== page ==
SACRAMENTO – A former state senator believes greater awareness about the drawbacks of the Private Attorneys General Act is needed to bring about reform to the law.
Since 2004, the Private Attorneys General Act (PAGA) has allowed trial lawyers to sue employers on behalf of workers over alleged infractions of California labor laws. PAGA opponents believe the law has led to many frivolous claims and could produce even more due to Senate Bill 142, legislation just signed by Gov. Gavin Newsom that requires added workplace lactation accommodations for employees.
“Unfortunately, yes, I believe SB 142 is a good example of legislation passed and signed with good intentions that is ripe for exploitation by PAGA lawsuits,” former state Sen. Bob Huff said. “The legislation applies to every employer in the state, with few caveats. It is a law with many moving parts. The law carries a $100 fine per violation. Perfect recipe for PAGA lawsuits.”
Huff has found only limited awareness of PAGA and the damage it can bring.
“While there is more awareness about abuses related to PAGA, I don’t believe that if you queried a sampling of local elected officials that you would yet discover a very high level of awareness. There is definitely sympathy when one relates real-world examples,” Huff said.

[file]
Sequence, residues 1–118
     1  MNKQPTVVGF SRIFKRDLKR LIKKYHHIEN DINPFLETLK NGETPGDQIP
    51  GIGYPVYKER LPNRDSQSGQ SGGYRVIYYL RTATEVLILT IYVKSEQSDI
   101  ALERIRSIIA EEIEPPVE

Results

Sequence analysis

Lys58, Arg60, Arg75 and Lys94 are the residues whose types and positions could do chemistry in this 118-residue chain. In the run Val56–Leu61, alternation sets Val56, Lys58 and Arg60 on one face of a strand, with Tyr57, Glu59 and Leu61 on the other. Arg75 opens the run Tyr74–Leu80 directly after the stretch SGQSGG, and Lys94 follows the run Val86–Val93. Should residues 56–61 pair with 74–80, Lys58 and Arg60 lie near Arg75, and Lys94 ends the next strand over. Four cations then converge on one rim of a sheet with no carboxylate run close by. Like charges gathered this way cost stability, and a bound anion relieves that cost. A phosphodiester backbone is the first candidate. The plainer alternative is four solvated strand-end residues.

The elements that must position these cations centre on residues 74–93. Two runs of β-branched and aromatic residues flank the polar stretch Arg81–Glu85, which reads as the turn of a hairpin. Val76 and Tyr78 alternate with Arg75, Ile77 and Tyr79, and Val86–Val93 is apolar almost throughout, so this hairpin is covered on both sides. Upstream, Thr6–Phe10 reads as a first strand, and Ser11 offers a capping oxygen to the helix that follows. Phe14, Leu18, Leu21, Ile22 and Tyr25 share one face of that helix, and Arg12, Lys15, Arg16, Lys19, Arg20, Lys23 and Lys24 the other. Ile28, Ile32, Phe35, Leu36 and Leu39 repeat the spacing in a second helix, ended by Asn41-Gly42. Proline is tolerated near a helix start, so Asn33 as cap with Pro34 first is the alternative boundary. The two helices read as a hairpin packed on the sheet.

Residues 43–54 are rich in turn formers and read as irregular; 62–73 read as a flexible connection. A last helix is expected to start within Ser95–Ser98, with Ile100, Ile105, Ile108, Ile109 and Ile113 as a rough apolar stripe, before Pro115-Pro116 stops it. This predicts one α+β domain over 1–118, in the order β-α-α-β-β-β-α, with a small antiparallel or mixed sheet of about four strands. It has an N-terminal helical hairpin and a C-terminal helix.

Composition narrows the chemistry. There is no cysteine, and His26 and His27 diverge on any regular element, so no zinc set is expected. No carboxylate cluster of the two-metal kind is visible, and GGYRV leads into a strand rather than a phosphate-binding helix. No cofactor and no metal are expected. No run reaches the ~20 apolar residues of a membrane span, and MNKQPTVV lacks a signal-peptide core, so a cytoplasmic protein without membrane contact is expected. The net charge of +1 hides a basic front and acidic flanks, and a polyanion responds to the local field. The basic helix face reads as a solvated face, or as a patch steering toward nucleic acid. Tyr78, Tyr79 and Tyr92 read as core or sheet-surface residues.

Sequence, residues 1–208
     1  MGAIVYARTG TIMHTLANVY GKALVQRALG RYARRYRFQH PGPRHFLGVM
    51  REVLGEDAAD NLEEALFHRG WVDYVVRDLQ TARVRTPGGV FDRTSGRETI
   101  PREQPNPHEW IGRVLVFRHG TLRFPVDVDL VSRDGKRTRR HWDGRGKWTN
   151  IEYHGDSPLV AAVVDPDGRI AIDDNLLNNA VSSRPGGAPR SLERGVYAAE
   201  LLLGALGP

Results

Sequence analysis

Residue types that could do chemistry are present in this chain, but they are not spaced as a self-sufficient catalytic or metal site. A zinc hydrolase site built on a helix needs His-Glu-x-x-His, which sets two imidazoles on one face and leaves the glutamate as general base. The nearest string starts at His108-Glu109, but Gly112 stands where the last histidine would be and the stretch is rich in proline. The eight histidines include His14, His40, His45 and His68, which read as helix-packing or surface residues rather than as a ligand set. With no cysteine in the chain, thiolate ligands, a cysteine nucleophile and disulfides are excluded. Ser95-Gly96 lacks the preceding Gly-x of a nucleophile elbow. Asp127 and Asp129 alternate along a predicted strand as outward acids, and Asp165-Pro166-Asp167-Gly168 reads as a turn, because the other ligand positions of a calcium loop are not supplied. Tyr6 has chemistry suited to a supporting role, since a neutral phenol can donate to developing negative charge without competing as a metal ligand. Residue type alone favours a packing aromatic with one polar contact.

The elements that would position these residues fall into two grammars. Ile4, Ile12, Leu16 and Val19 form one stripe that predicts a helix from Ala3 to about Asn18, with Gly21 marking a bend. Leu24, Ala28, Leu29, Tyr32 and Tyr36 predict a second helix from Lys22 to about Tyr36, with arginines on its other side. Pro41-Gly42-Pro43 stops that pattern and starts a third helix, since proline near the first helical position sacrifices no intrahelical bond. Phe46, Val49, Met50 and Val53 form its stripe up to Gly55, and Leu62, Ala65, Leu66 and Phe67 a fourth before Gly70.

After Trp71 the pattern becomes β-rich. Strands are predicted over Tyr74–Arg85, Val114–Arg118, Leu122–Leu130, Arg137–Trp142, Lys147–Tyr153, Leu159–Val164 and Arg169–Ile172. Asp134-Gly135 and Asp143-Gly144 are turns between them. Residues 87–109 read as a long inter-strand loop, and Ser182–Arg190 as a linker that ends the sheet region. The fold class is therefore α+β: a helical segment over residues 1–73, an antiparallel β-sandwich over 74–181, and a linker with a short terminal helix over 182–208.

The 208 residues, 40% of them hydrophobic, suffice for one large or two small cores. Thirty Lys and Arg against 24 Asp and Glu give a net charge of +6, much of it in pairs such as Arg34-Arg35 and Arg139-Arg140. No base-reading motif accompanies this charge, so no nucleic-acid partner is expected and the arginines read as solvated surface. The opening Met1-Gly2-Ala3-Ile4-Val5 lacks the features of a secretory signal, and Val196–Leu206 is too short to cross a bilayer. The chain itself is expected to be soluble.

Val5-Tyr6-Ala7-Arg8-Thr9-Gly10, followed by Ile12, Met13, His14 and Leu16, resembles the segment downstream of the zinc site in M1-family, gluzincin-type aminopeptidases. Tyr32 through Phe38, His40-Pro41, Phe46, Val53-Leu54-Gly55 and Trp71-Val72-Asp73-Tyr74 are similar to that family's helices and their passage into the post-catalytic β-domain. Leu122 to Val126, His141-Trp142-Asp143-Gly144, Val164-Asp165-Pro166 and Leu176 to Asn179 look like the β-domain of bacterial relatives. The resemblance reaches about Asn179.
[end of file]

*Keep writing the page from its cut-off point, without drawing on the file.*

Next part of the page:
“Any successful effort to reform the state’s Private Attorneys General Act, which is needed, will take significant and continued educational outreach to leaders and decision makers,” he added.
A recent opinion piece in the Modesto Bee by Stanislaus County Supervisor Kristin Olsen discusses some of the devastation brought on by PAGA suits.
“Unable to afford a lengthy legal battle and even less equipped to deal with the financial devastation of losing a fight against a PAGA claim, owners of small businesses are usually forced into expensive settlement agreements that represent a significant cost to employers and hinder their ability to hire more employees or even to continue doing business,” Olsen said.
“PAGA lawsuits represent an existential problem for businesses across the county and may very well be the biggest litigation threat they face today,” Olsen wrote. “However, if we do work to fix it, California can continue to be a landing destination for entrepreneurs, and Stanislaus County can become home to new business ventures.”